Saturday, April 17, 2010

Food with Attitude.

Back into the kitchen (you could call this my comfort zone), and the mention of herbs has brought to mind a really lovely summer soup that makes good use of the prolific herbs that are now starting to flourish in our garden or on windowsills. Remember, the more we cut, the more they grow.
Although we normally use only the leaves when cooking herbs, the stalks have just as much (sometimes even more) flavour, so worth using when making stock, and keeping the leaves to add to salads or use as a garnish. When adding herbs to any dish, the leaves are best prepared and added just before serving as this keeps their freshness and individual flavours. Use the milder herbs when making soup (parsley, chives, tarragon, marjoram, basil, chervil...), the stronger tasting (sage, mint, rosemary etc) tend to go better with meats.
Note: When herb leaves are chopped with a knife, they bruise and begin to weep, so can lose a lot of their flavour quite rapidly. Ideally, tear the leaves by hand as this gives a cleaner look, with no loss of colour and they keep most of their flavour, and as said before - best to do the preparation just before using/serving (unless a recipe states otherwise).

Fresh Herb Broth: serves 4
handful of each of several chosen herbs (see above)
1.5 pint ( 750ml) chicken or vegetable stock
2 oz (50g) butter
1 large potato, diced
1 large leek, sliced into rings
salt and pepper to taste
squeeze of lime juice (opt).
First remove the leaves from the herbs and set aside. Put all the herb stalks plus a few assorted leaves into a pan with the stock. Bring to the boil, then cover and simmer for five minutes. Remove from heat and leave to stand for 15 minutes to allow the stock to become infused with the herb flavours.
In another pan, melt the butter and add the potato, then cover and cook over low heat for 5 minutes. If the spuds begin to stick to the base of the pan, add a little of the 'herby stock'. Then add the leek and cook - uncovered - for a few minutes. Strain the herby stock over the leeks and potatoes and bring to the boil and simmer until the vegetables are tender, add seasoning to taste and a squeeze of lime juice (if using). Either leave as a 'soup with chunks', or liquidise to give a creamier texture. Chop or tear the herb leaves (see above), stir into the soup and serve immediately.

Whenever we go somewhere where there is a restaurant, Beloved makes a point of asking for a menu to bring home. Most are happy to provide one. He picked up one from Barton Grange yesterday. The advantage to us cooks (me anyway) is that a menu gives inspiration to make dishes that we might have chosen to eat when 'dining out'. Why - if the meals cost that much - can we afford to make them anyway?

Well - think about the asking price for a starter of Home-Made Soup with Crusty Home-Baked Bread. Or Chicken Pate with Melba Toast. Then work out how much either would cost ot make at home. Pennies instead of pounds. Same goes for all the courses, and I shake my head in disbelief when I read how much it would cost for a slice of Treacle Tart, or a couple of scoops of Ice-Cream. This has very little to do with the cost of ingredients, more to do with the overheads of running a restaurant, and paying staffs wages. In domestic kitchens we are both staff and chef - and work for free. Even our 'overheads' can be ignored as we live there and if we are going to cook something anyway we can serve 'restaurant quality' meals in our own homes without any fear of not being able to afford to.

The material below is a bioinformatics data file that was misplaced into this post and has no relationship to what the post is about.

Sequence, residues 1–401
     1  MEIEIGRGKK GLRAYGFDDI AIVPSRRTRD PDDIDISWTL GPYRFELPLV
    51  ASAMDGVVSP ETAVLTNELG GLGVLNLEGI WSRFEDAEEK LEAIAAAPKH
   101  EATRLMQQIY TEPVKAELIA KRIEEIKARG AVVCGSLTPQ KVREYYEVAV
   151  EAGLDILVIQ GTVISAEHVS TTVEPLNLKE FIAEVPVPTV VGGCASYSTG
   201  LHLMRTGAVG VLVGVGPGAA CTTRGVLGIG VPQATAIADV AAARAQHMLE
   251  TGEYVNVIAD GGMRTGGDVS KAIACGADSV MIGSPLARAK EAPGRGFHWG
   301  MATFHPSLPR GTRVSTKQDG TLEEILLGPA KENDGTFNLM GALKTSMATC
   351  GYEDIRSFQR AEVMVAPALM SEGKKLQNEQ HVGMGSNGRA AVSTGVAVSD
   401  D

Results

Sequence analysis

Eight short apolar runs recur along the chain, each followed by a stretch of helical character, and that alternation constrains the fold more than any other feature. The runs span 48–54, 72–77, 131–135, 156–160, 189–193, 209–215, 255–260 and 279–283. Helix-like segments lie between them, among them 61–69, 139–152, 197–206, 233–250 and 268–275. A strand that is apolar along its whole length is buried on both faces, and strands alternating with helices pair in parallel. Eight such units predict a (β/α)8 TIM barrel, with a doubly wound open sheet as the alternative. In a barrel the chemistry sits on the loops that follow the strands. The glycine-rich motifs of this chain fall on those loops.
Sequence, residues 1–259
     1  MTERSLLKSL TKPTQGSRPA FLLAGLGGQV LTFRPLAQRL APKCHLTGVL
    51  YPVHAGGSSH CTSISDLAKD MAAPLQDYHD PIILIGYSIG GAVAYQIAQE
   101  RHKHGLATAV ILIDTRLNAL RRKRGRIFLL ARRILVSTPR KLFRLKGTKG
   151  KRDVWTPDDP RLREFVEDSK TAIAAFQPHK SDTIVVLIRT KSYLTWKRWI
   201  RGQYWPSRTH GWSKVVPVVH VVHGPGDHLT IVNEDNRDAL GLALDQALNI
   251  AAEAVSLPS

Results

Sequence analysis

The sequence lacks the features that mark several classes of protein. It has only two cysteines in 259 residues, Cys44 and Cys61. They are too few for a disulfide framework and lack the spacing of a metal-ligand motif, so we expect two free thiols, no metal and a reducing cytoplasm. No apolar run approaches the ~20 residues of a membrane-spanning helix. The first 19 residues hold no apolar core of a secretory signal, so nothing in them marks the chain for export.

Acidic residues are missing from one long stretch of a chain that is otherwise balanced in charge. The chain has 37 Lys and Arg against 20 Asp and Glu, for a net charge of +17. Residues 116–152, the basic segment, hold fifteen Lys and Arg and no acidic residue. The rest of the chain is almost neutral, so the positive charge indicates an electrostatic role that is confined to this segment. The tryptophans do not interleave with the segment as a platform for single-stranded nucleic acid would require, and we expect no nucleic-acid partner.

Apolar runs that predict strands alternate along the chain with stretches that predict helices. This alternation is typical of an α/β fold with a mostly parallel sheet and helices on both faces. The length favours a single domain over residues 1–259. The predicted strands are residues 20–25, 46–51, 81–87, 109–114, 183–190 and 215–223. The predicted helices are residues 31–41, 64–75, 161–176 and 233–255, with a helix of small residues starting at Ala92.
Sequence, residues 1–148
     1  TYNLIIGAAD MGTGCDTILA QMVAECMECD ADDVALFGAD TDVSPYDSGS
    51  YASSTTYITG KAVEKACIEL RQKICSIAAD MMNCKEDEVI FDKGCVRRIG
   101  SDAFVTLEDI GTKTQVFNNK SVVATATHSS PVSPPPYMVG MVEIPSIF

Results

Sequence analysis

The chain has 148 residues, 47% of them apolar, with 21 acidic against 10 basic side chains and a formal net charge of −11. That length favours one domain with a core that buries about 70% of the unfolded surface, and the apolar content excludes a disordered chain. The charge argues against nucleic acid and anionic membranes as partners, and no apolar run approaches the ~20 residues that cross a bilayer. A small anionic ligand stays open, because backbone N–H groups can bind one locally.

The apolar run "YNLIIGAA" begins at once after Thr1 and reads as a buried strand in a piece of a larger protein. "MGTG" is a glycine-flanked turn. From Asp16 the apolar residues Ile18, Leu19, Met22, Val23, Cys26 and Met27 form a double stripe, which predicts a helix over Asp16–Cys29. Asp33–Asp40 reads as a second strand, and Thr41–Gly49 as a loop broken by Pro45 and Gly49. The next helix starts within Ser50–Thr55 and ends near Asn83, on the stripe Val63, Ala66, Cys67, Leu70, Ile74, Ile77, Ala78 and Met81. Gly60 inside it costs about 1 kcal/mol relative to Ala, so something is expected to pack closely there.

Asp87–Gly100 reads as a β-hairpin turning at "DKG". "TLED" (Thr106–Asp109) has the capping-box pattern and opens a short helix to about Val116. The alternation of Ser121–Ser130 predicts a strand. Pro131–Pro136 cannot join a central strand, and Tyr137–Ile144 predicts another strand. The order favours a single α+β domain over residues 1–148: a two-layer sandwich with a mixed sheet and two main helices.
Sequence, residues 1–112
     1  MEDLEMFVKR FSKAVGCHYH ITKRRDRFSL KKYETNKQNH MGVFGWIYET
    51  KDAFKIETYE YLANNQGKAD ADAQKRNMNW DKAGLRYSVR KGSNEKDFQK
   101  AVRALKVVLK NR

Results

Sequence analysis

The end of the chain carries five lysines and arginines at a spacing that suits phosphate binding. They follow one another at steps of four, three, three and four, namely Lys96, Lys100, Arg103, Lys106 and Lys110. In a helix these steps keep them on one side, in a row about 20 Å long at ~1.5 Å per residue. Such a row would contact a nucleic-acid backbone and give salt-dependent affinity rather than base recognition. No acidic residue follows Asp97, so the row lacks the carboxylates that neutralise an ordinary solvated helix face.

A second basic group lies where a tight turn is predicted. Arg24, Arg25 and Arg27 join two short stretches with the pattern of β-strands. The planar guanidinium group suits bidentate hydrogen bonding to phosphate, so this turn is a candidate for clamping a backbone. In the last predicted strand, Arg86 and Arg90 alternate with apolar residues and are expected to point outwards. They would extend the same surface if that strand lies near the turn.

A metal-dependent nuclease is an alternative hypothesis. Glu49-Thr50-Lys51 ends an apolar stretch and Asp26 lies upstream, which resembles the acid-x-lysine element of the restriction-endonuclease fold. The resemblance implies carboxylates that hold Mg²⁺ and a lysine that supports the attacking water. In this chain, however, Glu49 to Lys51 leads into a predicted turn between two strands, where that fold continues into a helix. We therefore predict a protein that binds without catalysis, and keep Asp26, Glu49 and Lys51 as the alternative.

Those of us who are now 'kitchen gardeners', have the edge over most restaurants in that the produce we harvest will be fresher than any bought that day from suppliers. If we can begin thinking on the lines that by using the home-grown, plus more home-cooking - which in itself leads to more savings - we then have money left to spend on better quality. Yes, have said this all before, but if by doing this we can then afford to serve meals that millionaires would be prepared to pay the earth for, then why not make the effort? It is as easy as that.

Fortunately for us, a lot of 'foods in fashion' - now served in top restaurants - are what our grandmothers used to cook. Obviously cheap to make then, and relatively cheap to make even now, but have so much flavour that people now prefer to eat these rather than the more 'cheffy' dishes. Wouldn't you rather have a slice of Treacle Tart or Sticky Toffee Pudding than a Champagne Sorbet? Know I would.

Am almost writing myself into a day of kitchen activity - starting with making a tub of my soft-scoop ice-cream using egg whites, home-made yogurt and whipped cream. Then using the egg yolks to make microwave Lemon Curd. Thinking ahead to supper, this will probably be Jumbo Prawns with Marie-Rose sauce sitting on a bed of avocado and home-grown Salad Leaves. Followed by the last of the Sticky Toffee Pudding (so had better make more).
Might as well make a granary loaf while I'm at it, which will eat well with some of the Herby Broth for my own supper (having leeks and potatoes that need using up not to mention home-grown herbs and home-made chicken stock) - perhaps followed by some smoked Cheddar and oatcakes. Or instead (or as well as) eat some of the home-made strawberry yogurt with some of those fresh strawberries bought yesterday.
Wonder how much a restaurant would charge for the above. Yes, sometimes it is worth doing a bit of home-cooking.